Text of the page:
After carding seven birdies without a bogey the day before, Kim had an up-and-down second round with an eagle, four birdies and two bogeys.
“I had some ups and downs today, but I kept my head in the game,” said Gimbio, adding, “It’s been a long time since I’ve had this opportunity, so I really want to do well. If I stay consistent, I’ll be able to do a press conference on the final day.”
Yoon, who is yet to record his first win and whose best finish was a runner-up finish in 2018, carded seven birdies for a 5-under 67.
Yoon returned home from the Asian Professional Golf Tour’s International Series event in England on March 30, a day before the tournament opened.
Jang, who also shot a 6-under 66 in the first round, said, “I’m jet-lagged, and I’m not in the best shape I’ve been in this year, so I’m surprised I’m playing well,” but added, “I’m in the lead, so I’ll try to win.”
Choi Jin-ho, Jang Hee-min, Kim Jae-ho and Ok Tae-hoon rounded out the top four, one shot back.
Choi, who made a comeback using a broomstick putter, had a clean round with an eagle and a birdie to drop three strokes and move within striking distance of Kimbio’s nine career victories.
Day one co-leader Jang Hee-min also dropped three strokes to stay in the lead.
Ok Tae-hoon swept in 10 birdies to shoot a 9-under 63 and join the race for the title.
Ok matched the course record set by Seo Yosub (63) in the first round of this tournament last year, but he was unable to match the course record because the tournament was played with Preferred Rye due to sagging fairways.
Preferred Rye refers to the practice of picking up balls that have fallen into the fairway when the course is in poor condition, wiping them down, and putting them down within an inch of their lives so that they can be hit.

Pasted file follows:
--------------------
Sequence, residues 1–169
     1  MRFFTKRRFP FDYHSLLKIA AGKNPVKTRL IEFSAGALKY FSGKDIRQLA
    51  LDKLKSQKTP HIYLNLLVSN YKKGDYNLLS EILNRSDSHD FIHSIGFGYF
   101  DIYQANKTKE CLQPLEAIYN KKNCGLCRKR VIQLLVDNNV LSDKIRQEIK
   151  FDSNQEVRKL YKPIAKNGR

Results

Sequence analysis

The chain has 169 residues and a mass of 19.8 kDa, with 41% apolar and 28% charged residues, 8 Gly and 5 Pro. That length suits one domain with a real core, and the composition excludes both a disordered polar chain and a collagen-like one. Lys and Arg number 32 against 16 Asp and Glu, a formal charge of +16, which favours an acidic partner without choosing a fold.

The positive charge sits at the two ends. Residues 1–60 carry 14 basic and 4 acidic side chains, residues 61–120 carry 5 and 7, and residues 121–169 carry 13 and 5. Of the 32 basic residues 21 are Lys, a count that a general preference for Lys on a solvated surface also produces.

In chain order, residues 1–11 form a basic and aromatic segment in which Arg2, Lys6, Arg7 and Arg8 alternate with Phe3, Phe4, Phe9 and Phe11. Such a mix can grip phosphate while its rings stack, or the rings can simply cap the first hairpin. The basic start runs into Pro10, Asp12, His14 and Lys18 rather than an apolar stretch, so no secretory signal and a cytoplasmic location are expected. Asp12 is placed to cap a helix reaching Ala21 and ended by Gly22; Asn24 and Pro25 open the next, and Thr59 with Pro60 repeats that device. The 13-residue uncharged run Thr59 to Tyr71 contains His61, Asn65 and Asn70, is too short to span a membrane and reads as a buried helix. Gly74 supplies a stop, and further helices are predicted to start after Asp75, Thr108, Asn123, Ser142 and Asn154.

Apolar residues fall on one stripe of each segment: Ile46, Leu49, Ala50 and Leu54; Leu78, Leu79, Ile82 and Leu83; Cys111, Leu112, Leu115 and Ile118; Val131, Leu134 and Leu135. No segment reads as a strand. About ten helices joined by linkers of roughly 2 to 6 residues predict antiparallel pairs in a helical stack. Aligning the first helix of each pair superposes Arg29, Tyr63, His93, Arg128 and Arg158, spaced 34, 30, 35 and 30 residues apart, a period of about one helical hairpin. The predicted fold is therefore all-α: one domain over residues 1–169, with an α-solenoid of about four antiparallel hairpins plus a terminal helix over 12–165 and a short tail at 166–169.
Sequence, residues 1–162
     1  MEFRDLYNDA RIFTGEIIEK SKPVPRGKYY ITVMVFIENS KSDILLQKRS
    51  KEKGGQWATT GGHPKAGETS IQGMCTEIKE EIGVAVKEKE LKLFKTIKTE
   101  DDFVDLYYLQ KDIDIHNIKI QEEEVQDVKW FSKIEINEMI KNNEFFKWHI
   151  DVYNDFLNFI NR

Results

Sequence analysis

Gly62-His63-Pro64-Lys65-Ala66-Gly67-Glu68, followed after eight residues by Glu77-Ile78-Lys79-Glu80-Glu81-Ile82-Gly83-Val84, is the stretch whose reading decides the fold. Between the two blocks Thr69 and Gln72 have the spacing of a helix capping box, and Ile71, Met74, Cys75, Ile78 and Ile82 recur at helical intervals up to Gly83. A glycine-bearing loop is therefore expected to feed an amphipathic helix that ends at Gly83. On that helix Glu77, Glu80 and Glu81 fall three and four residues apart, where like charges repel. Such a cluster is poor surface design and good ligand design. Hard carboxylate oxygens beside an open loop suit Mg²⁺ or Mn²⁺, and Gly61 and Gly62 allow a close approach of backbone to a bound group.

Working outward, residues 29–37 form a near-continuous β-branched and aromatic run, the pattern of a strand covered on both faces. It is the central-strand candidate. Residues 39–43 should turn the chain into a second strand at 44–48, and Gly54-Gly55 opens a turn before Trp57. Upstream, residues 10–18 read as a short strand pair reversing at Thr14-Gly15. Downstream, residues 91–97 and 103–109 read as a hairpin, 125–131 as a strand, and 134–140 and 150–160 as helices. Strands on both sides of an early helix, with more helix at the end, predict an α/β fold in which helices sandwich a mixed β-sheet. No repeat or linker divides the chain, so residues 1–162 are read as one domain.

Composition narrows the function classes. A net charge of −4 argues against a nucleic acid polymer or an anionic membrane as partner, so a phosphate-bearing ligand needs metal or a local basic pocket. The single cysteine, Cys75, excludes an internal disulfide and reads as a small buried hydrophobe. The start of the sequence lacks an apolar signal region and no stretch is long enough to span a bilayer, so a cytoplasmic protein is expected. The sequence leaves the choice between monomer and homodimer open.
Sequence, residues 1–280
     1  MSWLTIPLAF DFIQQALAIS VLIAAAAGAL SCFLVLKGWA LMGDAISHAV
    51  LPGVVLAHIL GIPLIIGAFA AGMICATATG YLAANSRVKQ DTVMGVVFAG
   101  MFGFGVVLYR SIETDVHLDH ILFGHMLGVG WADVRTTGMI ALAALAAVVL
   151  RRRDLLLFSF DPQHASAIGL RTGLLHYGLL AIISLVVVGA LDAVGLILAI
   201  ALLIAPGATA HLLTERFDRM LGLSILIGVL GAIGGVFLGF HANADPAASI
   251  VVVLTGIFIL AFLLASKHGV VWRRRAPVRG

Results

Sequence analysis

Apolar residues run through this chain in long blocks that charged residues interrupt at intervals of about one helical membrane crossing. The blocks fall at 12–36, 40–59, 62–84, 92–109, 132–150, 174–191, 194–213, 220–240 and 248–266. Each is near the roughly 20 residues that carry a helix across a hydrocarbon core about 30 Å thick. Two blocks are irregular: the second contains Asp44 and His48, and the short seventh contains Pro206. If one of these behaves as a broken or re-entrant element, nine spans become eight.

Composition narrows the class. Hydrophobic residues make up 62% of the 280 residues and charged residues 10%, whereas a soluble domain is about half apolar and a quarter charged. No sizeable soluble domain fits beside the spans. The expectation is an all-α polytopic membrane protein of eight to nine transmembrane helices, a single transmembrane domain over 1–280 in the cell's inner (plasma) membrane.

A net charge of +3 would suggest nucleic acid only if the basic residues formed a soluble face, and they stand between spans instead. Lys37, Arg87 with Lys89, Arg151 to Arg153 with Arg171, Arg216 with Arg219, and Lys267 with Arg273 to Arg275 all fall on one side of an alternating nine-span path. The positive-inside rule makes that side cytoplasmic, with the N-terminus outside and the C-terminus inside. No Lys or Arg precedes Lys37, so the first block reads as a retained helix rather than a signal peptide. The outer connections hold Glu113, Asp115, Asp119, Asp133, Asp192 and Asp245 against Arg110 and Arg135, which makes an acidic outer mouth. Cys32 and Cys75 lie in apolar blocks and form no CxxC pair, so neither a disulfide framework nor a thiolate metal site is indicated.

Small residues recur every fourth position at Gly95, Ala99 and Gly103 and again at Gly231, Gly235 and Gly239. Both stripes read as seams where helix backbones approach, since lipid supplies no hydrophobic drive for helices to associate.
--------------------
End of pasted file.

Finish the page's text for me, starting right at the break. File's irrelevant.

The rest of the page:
After nine holes of OB, defending champion Seo Yosub was disqualified because he ran out of balls.
The rules of golf require players to use the same model ball from the same manufacturer.
If a player runs out of balls, they can borrow from a teammate or have someone fetch them for them, but they shouldn’t delay the process.
If a player runs out of balls during a match, it’s a good indication that there are a lot of lost balls due to bad shots.
In this case, the score tends to snowball, so the player usually chooses to disqualify rather than put in the effort to retrieve the balls.
Seo, who started the match on the 10th hole and played through the 17th hole with an average total of 6-over par, lost six balls on the 18th hole alone for an OB of 6.
Hangzhou Asian Games representative Cho Woo-young, who won his first KPGA Korean Tour Amateur title in a decade at the Golf Zone Open in April ahead of Jang Yubin, missed the cut with a 4-over-par 76 for a total of even-par 144.
Lee Byung-ho, a 6-foot-5 high school student from Hwaseong, South Korea, who has garnered attention for his outstanding performance on the U.S. junior circuit, shaved two strokes off his total to make the cut at 4-under-par 140. 토토사이트